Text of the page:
Better appraisal, measurement, and reporting of natural and social capital provides a company’s stakeholders, including investors, with a better understanding of the factors that materially affect its ability to create value
What is natural capital and is it relevant to you?
Natural capital refers to the elements of nature that directly and indirectly produce value or benefits to people, including ecosystems, species, water, land, and minerals. The everyday resources they provide include energy, food, timber, fisheries and freshwater, as well as services such as air and water filtration, flood protection and plant pollination.
Our approach is to identify and analyse the natural capital that is material and relevant to a business unit or operation; and to integrate the management and reporting of this with other business metrics. The support we provide includes :
- Assessing corporate natural capital usage and determining stewardship criteria
- Understanding the impacts and dependencies relevant to risk profiles, supply chains, and market opportunities
- Natural capital accounting and valuation
- Modelling and support for project specific decision making
- Reporting on performance and business impacts
What natural capital is material and relevant to your operations and supply chain?
Do you own or lease land and natural resources?
Are you responsible for significant resource use and/or emissions to air and water?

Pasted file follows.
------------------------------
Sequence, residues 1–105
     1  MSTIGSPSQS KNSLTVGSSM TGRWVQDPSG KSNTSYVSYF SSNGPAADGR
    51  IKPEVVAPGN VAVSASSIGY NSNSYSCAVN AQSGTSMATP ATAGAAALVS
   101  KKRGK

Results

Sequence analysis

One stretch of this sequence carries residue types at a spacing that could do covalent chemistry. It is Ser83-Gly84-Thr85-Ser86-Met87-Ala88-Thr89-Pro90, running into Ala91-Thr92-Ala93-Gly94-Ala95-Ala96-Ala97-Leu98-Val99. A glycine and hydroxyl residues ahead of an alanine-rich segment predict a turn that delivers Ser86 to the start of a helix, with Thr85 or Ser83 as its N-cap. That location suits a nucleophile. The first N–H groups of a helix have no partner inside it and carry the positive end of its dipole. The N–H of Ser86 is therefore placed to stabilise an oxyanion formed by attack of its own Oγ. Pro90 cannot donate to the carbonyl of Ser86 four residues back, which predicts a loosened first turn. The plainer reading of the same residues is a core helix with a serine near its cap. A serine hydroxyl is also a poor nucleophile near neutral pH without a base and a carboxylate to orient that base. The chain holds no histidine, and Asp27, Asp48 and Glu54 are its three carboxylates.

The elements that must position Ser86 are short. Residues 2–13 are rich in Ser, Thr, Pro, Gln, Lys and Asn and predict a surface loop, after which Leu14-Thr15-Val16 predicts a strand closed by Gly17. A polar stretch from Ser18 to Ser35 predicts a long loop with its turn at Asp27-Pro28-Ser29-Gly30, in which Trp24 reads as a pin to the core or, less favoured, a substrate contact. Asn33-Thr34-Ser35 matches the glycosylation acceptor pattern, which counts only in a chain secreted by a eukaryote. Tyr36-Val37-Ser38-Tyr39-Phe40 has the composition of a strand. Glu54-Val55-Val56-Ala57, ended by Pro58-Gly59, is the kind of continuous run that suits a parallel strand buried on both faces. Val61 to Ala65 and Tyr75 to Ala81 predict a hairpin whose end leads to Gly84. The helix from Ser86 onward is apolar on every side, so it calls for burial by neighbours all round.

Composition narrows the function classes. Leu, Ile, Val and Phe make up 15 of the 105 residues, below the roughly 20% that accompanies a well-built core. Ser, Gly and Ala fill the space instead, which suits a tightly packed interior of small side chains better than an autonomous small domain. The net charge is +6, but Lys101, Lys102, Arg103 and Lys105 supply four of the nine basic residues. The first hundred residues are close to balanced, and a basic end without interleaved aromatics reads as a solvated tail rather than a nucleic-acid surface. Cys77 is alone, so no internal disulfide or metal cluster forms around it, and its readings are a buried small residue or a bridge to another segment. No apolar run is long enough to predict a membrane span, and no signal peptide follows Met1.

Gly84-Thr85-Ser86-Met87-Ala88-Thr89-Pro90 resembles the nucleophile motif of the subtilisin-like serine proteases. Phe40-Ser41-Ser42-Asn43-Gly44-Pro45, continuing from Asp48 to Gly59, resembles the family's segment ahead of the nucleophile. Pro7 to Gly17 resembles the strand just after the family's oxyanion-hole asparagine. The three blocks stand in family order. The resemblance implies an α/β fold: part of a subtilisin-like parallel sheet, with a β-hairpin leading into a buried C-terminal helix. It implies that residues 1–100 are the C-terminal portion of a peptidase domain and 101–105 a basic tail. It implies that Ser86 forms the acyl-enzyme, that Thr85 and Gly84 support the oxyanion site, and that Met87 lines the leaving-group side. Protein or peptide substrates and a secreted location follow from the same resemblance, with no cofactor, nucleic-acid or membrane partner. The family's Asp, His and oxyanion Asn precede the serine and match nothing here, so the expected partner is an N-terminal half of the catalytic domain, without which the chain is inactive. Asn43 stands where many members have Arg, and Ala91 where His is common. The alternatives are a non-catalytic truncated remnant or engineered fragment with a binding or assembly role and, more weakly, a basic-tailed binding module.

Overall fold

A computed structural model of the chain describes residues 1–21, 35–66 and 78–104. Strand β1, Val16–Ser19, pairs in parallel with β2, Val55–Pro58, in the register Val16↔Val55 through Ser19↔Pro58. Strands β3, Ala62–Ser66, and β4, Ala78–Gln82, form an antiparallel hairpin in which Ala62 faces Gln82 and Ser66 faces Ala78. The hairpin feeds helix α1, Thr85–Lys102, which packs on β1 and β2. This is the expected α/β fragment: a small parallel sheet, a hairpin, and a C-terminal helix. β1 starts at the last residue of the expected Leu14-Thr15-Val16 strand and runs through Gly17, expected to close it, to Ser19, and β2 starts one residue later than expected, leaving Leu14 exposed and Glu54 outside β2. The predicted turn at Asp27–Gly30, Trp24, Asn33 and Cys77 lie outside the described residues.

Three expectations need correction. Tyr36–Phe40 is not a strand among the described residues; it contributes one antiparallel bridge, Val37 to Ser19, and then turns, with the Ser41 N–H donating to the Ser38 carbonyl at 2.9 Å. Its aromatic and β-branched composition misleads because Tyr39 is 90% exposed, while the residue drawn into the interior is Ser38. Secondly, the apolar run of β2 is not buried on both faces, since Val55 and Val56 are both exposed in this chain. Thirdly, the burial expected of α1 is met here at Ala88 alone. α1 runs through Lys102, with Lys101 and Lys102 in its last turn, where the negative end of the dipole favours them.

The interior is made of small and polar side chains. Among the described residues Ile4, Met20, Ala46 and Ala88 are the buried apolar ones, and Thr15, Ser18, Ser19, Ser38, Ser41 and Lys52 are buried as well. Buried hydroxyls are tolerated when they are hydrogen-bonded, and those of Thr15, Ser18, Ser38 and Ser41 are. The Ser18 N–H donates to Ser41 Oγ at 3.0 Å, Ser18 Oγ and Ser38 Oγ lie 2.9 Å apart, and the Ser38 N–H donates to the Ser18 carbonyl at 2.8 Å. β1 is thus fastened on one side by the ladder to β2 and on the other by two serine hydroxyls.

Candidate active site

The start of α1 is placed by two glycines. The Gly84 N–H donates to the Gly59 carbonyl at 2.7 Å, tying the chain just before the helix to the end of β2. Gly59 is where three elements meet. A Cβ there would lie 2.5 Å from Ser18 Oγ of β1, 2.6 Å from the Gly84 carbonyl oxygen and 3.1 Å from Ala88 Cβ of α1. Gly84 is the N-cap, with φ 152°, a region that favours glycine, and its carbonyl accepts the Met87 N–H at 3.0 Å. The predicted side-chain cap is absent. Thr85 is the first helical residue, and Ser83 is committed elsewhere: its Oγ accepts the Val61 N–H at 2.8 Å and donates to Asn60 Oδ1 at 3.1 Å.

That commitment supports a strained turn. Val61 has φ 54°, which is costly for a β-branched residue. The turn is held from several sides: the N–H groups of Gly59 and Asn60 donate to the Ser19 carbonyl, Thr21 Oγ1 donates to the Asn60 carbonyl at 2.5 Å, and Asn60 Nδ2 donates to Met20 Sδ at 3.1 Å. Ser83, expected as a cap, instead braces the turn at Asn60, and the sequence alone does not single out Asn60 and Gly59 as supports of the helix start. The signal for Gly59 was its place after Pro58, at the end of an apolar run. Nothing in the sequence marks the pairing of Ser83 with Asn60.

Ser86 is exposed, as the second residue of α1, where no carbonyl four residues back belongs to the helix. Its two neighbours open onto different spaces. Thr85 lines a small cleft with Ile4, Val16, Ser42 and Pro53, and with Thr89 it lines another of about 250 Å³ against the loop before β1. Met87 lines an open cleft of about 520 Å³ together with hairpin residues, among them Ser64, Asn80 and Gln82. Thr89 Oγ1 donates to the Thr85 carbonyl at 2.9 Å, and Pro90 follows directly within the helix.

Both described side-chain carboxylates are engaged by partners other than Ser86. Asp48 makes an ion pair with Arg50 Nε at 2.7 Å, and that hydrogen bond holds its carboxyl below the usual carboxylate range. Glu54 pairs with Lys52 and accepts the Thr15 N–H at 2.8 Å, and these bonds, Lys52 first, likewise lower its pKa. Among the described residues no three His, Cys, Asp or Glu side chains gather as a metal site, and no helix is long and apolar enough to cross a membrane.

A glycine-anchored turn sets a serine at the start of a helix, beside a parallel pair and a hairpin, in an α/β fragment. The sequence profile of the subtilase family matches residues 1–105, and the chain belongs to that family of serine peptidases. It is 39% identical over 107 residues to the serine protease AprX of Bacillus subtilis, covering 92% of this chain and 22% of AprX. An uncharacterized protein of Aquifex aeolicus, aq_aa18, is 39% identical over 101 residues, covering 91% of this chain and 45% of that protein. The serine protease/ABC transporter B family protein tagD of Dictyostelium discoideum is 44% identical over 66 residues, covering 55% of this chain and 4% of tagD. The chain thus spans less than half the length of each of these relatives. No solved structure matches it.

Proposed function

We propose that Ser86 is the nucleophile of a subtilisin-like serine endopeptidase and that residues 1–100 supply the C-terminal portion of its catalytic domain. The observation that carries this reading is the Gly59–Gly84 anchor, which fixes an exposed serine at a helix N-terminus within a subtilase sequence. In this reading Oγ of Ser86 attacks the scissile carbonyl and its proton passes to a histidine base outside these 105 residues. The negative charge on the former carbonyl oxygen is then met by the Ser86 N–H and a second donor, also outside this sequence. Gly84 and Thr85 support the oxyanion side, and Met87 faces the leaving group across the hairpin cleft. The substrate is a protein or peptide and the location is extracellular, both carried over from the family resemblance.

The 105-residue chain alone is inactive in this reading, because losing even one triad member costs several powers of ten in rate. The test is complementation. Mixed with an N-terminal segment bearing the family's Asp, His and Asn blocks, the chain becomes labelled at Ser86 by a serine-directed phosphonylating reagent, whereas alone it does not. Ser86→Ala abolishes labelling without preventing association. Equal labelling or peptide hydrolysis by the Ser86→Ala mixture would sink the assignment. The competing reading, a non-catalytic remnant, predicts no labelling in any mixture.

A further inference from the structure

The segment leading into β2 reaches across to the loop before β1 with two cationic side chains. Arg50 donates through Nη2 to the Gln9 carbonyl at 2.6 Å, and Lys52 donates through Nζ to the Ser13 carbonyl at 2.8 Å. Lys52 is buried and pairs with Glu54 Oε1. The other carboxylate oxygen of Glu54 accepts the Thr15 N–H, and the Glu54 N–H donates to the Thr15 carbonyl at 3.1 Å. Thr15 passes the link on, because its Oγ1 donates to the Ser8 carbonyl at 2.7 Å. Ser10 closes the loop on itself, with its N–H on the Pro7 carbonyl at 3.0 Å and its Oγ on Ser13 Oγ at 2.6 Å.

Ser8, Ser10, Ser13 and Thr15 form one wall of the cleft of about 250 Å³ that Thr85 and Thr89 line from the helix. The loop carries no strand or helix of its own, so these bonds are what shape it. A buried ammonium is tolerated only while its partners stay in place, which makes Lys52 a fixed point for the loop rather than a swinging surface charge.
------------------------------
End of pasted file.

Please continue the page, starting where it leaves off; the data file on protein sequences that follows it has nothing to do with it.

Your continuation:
Do your products/services provide food, fuel or fibre?
How far does the health of natural capital impact on yields and production costs?
We are members of the Natural Capital Coalition www.naturalcapitalcoalition.org and utilise the Natural Capital Protocol.
How do you measure and value social capital?
If decision making contains no quantification of externalities such as natural and social capital, companies are exposed to increased risk and potentially making less optimal decisions in terms of long-term growth, productivity and innovation.
Social capital refers to the collective value of all “social networks” (who people know) and the inclinations that arise from these networks to do things for one other (norms of reciprocity). External social capital derives from the social network structures, relationships, and connections between an organisation and its customers, suppliers, partners, investors and NGOs.
What is the value of social capital to your business?
How does this link to supply chains, customers and stakeholder communities? How and what should you measure and monitor? What indicators, outputs, and outcomes can help you improve your performance?
We help organisations:
- Build social capital to improve supply chain transparency, traceability, and collaboration
- Link social capital to supplier, partner, and community monitoring that identifies actual performance, investments and improvement opportunities
- Make decisions that improve performance, stability and capacity for growth in value chains; and improve the business-enabling environment in communities
- Communicate how the steps being taken to improve social capital translate into increased market valuation, e.g. how investments may strengthen market sentiment and increase the anticipated future worth of the business